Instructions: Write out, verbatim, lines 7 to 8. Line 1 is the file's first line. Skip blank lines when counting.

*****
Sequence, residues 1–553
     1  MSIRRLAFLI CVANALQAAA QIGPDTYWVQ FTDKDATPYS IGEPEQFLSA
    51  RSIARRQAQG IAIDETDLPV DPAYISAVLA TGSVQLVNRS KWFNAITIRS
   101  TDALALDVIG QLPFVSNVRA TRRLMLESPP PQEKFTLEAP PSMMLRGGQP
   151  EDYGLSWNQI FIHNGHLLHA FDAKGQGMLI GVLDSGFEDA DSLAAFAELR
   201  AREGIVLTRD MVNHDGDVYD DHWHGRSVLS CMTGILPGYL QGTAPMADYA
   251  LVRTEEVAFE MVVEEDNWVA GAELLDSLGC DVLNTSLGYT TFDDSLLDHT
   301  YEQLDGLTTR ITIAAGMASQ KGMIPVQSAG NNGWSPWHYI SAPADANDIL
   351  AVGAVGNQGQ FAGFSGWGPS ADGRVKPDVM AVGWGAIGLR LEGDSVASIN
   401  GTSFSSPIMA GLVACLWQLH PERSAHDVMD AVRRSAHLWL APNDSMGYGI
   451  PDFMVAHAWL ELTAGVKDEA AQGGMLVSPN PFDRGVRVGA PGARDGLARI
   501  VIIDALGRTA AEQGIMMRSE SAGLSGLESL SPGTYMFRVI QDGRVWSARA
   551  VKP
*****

   251  LVRTEEVAFE MVVEEDNWVA GAELLDSLGC DVLNTSLGYT TFDDSLLDHT
   301  YEQLDGLTTR ITIAAGMASQ KGMIPVQSAG NNGWSPWHYI SAPADANDIL